SMALL WATERPLANE AREA TRIPLE HULLS
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Here we re-define SWATH terminology, to an acronym of Small Waterplane Area Triple Hull, or Small Waterplane Area Single Stabilised Hull = SWASSH. Such vessels are in the experimental stages. We know of a serious design study, but cannot yet reveal the name of designer, location or builder. In essence you are looking at a Trimaran with a submerged centre hull for longitudinal ride stability, and outriggers for transverse stability.
SWASSH single centre hull with semi- submerged (trimaran) outriggers
It is a little known fact, that two of the early SWATH concept patents, those held by Blair (1930) and Lang (1971), included tri-hull small waterplane area configurations. It is also a fact that there has been considerably less development work on tri-hull geometries, and would you believe that to date (April 2006), no tri-hull, or SWASSH vessels have been built.
However, beginning in the 1980s more research and development had been carried out than is commonly known. It has been shown that a tri-hull small-waterplane-area design can provide substantially improved speed to power performance compared with a twin-hull SWATH vessel of equal displacement.
THEORETICAL ADVANTAGES TO SWASSH
Marine architects will know that less engine power is needed for tri-hull configurations at moderately high speeds (trimarans). This is mainly as a result of decreased wave-making resistance.
In order to achieve this in a SWASSH, it is important that the hull configuration should not incur a large frictional resistance penalty, from increased surface area. The total resistance of a twin-hull SWATH ship at moderately high speeds is roughly 50% frictional and 50% wave-making or form drag.
SWATH ships are usually much shorter than a monohull or conventional catamaran of equal displacement. This is partly to minimize the weight penalty caused by the more deeply submerged hulls that a SWATH vessel has. In addition, the smaller water-plane area makes it necessary to have wider hull spacing than used on conventional catamaran twin hulls, for the same stability.
A benefit is that shorter length minimizes the frictional resistance penalty from the submerged hulls, where otherwise the higher wetted area per foot of length, would detract from the overall design advantages. Another disadvantage to remember it that twin-hull SWATH configurations often have relatively high wave-making resistance, due to their short speed length ratio and also increased displacement as a result of the greater structural mass inherent in the design.
SWATH single centre hull with trimaran style outriggers
An important factor affecting performance is the ratio of hull wetted area to displaced volume. For geosims* this ratio follows the scale 'square-cube law' - Wetted area is proportional to (scale ratio)2 - displaced volume is proportional to (scale ratio)3.
The wetted area of each hull of a SWATH is 0.794 x 0.794 = 0.63 x that of the monohull. The displaced volume for each hull is 0.50 x that of the monohull. It follows that the wetted area per ton of buoyant volume for the SWATH hull is (0.63/0.50) = 1.26 x that for a geometrically similar monohull. This means that SWATH ships have 26 percent higher total frictional resistance than a monohull small-waterplane-area ship of twice the displacement. A pure submerges triple hull (one with three equally sized submerged hulls) would have an ever higher total frictional resistance if we apply the square-cube law. A quad submerged hull would be even worse, etc.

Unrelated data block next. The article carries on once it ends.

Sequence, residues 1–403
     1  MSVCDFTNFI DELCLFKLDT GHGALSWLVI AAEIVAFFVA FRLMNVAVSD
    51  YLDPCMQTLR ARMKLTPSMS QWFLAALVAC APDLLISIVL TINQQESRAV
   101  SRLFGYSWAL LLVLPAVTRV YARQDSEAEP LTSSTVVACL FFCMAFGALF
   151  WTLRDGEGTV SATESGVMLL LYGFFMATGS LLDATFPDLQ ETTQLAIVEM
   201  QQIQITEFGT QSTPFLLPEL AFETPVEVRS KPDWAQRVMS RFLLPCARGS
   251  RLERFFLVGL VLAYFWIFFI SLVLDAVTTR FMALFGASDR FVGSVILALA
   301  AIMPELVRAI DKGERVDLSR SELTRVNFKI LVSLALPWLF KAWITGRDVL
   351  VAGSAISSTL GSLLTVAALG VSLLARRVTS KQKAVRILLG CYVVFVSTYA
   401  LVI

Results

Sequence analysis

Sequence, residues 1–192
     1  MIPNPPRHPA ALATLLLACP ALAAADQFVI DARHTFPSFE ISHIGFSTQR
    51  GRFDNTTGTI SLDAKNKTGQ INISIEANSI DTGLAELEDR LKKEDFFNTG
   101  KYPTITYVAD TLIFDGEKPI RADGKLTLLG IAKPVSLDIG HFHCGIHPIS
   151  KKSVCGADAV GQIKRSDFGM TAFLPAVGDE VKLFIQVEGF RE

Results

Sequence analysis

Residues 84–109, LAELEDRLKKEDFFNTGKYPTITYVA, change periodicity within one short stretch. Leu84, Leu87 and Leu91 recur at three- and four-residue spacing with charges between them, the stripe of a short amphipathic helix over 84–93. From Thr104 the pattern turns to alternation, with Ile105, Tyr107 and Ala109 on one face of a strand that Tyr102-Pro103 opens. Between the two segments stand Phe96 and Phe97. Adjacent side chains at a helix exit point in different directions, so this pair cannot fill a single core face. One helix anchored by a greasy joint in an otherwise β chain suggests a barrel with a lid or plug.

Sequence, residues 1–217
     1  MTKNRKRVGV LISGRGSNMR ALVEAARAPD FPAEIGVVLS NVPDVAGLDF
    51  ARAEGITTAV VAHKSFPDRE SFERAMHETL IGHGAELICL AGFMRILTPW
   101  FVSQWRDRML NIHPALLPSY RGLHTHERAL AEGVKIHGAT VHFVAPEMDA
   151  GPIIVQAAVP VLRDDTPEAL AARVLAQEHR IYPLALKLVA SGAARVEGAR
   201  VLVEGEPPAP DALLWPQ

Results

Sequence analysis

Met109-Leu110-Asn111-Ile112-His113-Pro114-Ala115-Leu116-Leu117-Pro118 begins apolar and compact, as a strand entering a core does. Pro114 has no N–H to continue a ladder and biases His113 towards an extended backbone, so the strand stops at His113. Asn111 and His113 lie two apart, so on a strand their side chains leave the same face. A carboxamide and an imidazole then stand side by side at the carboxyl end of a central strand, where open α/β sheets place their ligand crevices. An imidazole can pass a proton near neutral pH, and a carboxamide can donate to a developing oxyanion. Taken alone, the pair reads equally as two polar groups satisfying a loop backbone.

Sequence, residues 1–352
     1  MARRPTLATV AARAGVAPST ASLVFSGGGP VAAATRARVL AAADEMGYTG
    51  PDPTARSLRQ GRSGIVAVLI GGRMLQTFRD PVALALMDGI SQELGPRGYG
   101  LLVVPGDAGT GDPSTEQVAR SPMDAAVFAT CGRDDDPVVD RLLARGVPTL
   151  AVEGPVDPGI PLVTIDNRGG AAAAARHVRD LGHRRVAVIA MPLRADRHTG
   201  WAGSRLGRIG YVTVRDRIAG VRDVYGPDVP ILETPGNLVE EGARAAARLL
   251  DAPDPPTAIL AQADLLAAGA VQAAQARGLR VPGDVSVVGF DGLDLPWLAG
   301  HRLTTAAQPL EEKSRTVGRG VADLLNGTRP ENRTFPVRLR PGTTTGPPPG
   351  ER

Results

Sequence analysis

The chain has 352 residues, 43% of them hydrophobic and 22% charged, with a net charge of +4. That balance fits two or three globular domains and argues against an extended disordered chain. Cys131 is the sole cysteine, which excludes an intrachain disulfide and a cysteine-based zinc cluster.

For comparison purposes it is useful to think of the 2 hulls of a SWATH ship as geosims* of a single-hull small waterplane area ship having twice as much displaced volume, or buoyancy, i.e. the same volume in one round hull, as split into two round hulls.
Each dimension of a geosim, such as hull length, is related to the corresponding dimension of a single submerged reference hull by, the linear scale ratio, which is defined as the cube root of the ratio of their displacements. Thus, the length of each SWATH ship hull is (0.500)^0.333 = 0.794 x the length of a monohull small-waterplane-area ship of twice the displacement.
For a triple hull, the wetted area per ton would be 1.44 x that for the monohull with three times larger displacement. In such an example, total frictional resistance would rise to 144 percent that of the monohull and about 114.5% more than for a comparable conventional twin-hull SWATH ship.
However, if one uses a large centre submerged small waterplane hull to carry the loads of the vessel, for say 80-90% of the total displaced volume, then use two stabilizing outriggers, in trimaran layout as seen in the top diagram, the total frictional resistance disadvantage falls to 105% of a comparable conventional SWATH vessel. By contrast, the wave-making resistance falls dramatically, hence there is a substantial overall decrease in total resistance. Such a design was first announced by Wiliam O'Neil in 1986.
Typical submerged hull and strut sections
Such a design proposal is currently under investigation by the SolarNavigator team. Should tank test models confirm the theory, the technology will be incorporated in their World Navigation challenger as the worlds first SWASSH vessel.
*NOTE: Geometrically similar ship forms of different sizes are called GEOSIMS.
Conventional SWATH ship design
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